You have so many posts praising long form content and berating those who are planning to publish short articles that are meant to provide answers to specific search queries of searchers. Short content should perform just like a long form content but that is an ideal world we are aiming for. These days, search engines have got so smart that it can use its natural language processing power to scrap out the exact information that a searcher is looking for and thus killing the very purpose of creating short article.
However, some people do come up with some weird logic. According to them – ‘Less is more’. But it is long form posts are doing far better than their shorter compatriots. Long form content when written right can gain as much attention and drive as many visitors as a short post can.
It’s true that the amount of content that is created on a daily basis is shockingly large, every day more than 2 million blog posts are created, but the dangers of content shock are over-hyped.
Long posts have a longer shelf life due to higher quality. They enable you to demonstrate your authority and people tend to share them more because longer content is more valuable and credible. To determine whether long copy came higher in the results, and if you should change your content marketing strategy, we looked at numerous studies from sources such as Quick Sprout, and Moz, as well as looking at our own data to back it up.
However, it is not just about finding pages that have particular keywords and phrases within them, it’s about recognizing people’s needs and wants, and finding the best content for them.
Getting found should be your main aim. You might have a cute 100 words blog post with a concise message. But if Google can’t find you then Google is not going to rank you. Looking at the average top ten results on Google, the higher up we go on the search listing pages the more content each page has. All of them are around 2000 words in length.
Google’s latest additions to their search algorithms mean that they’re better at picking out higher quality results, and it’s hard to deliver that quality in a short form when you’re dealing with big questions. Though this isn’t to say that short form will rank worse, just look at how well Yahoo Answers does in search results. It’s about serving a need.
Google’s Hummingbird algorithm launched in 2013 is focused on searching great quality content websites with substance and meaning behind the searcher’s query.
It is not just about finding pages that have particular keywords and phrases within them, it’s about recognizing people’s needs and wants, and finding the best content for them.
Searchers often put a whole question or sentence into Google, something that is a growing part of the long tail of search. The longer your content, the more words it has, so that number of keyword matches will most likely be higher.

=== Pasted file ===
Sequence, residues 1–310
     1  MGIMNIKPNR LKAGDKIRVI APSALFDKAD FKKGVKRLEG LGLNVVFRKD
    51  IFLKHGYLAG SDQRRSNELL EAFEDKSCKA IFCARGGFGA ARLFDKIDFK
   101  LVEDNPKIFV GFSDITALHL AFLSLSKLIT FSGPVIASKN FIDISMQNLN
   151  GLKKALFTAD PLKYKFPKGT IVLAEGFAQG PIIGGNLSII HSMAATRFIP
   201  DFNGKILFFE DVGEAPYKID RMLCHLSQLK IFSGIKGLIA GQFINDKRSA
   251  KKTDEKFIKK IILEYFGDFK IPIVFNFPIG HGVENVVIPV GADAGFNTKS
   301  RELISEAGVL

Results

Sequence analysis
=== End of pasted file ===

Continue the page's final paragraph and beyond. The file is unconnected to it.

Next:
Interestingly, studies have shown that visitors coming in off the long tail of search tend to convert better than those that don’t. This is due to the specific nature of typing in a longer search query, these kind of searchers have a specific requirement at the time of search. If you meet that need they’ll convert, as compared with those coming in on shorter terms who are more comparable to window shoppers.
As mentioned before, people are more likely to share longer content because they feel longer is more valuable. A Torquemag study found a direct correlation between the length of the content and the number of people who link to it. As a consequence of this data, and to serve customers’ needs, Google will then factor in the number of social shares and backlinks into a websites ranking.
The longer your content is and the more words you use, the better you rank by Google’s hummingbird. Neil Patel’s studies also confirm that longer content gets more social engagement. He separated blog piles into two categories depending on how many words they had.
He found out that blog posts under 1,500 words received an average of 175 tweets and 60 Facebook likes whereas posts with more than 1,500 words received 293 tweets and 73 Facebook likes.
This suggests that if a blog post has more than 1,500 words, it averages 68 percent more tweets and 23 percent more Facebook likes. You need to keep in mind that although longer post do better, if you haven’t built up your social media presence you won’t magically find success with a longer post.
Although length is important, it’s important not to take this too far. Well-written quality content is the key, if you write a 2,000 words article that’s just fluff and filler then you’re not going to do well in the rankings.
Always be thinking of the reader, make your content informative and readable. Use images, videos, whitespace and headlines to make it digestible and avoid overwhelmingly large blocks of text. Content should be related to your business, products or brand but being valuable and trustworthy to your audience. It must empathize with your customers and must give them something useful that would make them come back. It is key to be aware of things that may cause them switch off.
In some industries customers will want shorter posts whereas in other industries longer and detailed articles or even tutorials will be more appreciated.
Google loves what users, customers, and searchers like you and I love, so what you need to do is to identify your customers’ needs and write what they want to read. You shouldn’t jump in with useless me-too content that doesn’t add anything to the subject just to reach 1,000 or 2,000 words article.
Test and verify if you are on target through your analytics, write unique and valuable content for your audience and do not get too obsessed with Google.